Nun warns African Catholics, 'If you want to lead, clean house on abuse'

Nun warns African Catholics, ‘If you want to lead, clean house on abuse’

Nun warns African Catholics, ‘If you want to lead, clean house on abuse’

Sister Mumbi Kigutha presents at the Pan-African Congress in Nigeria. (Credit: Crux / Christopher White.)

A Kenyan nun is calling on the African Church to "clean house" on sex abuse.

ENUGU, Nigeria — As the number of African Catholics continues to soar, one Kenyan nun is warning that they must first “clean house” when it comes to the issue of clergy sexual abuse before exhibiting greater leadership in the global Church.

“The African Church is said to be the fastest growing Catholic demographic and is expected to reach 350 million by the year 2050,” said Sister Mumbi Kigutha during the Pan-African Conference on Theology, Society, and Pastoral Life taking place this week at Bigard Memorial Seminary.

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“The implication of such growth is already being felt all over the global Church, as we see the changing skin hues in those filling the pews and also serving in ministerial positions.”

“We need to clean house, so to speak, before we take up a place of leadership in our evolving and beloved church,” she cautioned in a lacerating talk to international delegates of professors, priests, and seminarians.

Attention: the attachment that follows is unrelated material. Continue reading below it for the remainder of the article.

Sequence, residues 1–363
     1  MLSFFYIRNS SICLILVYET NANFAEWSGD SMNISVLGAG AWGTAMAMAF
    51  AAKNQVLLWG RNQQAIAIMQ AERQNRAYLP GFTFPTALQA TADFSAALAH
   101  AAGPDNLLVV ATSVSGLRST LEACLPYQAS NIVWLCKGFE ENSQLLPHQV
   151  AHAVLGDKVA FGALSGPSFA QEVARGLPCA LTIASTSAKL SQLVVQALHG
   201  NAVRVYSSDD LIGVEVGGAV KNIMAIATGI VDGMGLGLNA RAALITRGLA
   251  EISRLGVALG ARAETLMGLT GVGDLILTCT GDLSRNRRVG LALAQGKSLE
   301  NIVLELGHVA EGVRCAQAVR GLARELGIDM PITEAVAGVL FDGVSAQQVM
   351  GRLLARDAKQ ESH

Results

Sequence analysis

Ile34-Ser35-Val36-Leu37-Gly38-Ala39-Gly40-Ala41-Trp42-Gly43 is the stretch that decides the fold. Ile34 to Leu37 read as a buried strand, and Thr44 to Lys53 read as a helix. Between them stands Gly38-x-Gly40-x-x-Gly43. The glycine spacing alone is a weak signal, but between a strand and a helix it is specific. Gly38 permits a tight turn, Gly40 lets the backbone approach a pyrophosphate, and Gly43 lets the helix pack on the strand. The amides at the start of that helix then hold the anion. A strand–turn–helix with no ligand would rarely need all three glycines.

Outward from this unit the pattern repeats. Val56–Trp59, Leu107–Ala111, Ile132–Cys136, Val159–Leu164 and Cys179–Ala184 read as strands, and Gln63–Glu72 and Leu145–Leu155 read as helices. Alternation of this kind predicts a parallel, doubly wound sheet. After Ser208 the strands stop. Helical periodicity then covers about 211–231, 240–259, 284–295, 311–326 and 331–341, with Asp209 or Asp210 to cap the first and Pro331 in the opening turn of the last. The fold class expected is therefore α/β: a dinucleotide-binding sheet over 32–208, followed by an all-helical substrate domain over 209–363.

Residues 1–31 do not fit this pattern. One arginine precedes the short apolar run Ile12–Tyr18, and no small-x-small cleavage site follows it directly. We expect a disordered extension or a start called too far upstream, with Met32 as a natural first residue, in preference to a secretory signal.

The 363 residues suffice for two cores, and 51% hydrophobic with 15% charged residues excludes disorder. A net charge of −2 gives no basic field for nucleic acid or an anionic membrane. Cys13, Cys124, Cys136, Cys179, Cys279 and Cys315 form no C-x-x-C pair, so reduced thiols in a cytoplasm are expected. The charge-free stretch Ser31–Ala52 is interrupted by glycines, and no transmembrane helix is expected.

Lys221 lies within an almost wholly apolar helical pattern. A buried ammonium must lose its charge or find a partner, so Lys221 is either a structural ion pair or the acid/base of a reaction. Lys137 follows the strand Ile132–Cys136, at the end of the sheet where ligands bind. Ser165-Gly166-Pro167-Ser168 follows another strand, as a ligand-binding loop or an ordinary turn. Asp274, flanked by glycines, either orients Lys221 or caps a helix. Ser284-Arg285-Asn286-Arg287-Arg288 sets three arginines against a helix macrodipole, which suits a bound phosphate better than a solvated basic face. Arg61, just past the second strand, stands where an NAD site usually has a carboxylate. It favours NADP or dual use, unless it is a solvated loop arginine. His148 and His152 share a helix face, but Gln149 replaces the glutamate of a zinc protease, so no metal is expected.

“We are wounded, the body of Christ is ailing, clergy and laity alike, perpetrator, victim or both, we are all in dire need of healing,” she said on Friday, noting that while clerical abuse is often focused on the issue of the abuse of minors, the abuse of nuns at the hands of priest has gone largely unexposed.

While the global clergy abuse crisis has dominated headlines over the past year, Kigutha recalled that in 1994, a Medical Missionary of Mary, Sister Maura O’Donoghue, filed a report on the abuse of nuns that went ignored by the Vatican.

Twenty-five years later, the Vatican finally held a worldwide abuse summit in Rome where Nigerian Sister Veronica Openibo told representatives from every bishops’ conference around the world that abuse was not just a western problem, but a global one. That same month, during an in-flight press conference, Pope Francis himself would acknowledge the abuse of nuns by priests, and he said the Church must do more to prevent it.

During her address, Kigutha identified three major contributions to the root cause of abuse and its reoccurrence in the Church: power and boundary issues, a culture of secrecy and dominance, and cultural norms and gender roles.

The authority granted to priests, she argued, often blurs boundaries with other religious, especially “when the other person happens to be an adult nun who quote unquote is part of the establishment.”

She said that the power is often lorded over such individuals, especially through their control of finances, real estate, cars, and ecclesial connections.

In calling out the secrecy within the Church, she said that the institution is often self-referential, preferring to protect itself at the expense of victims.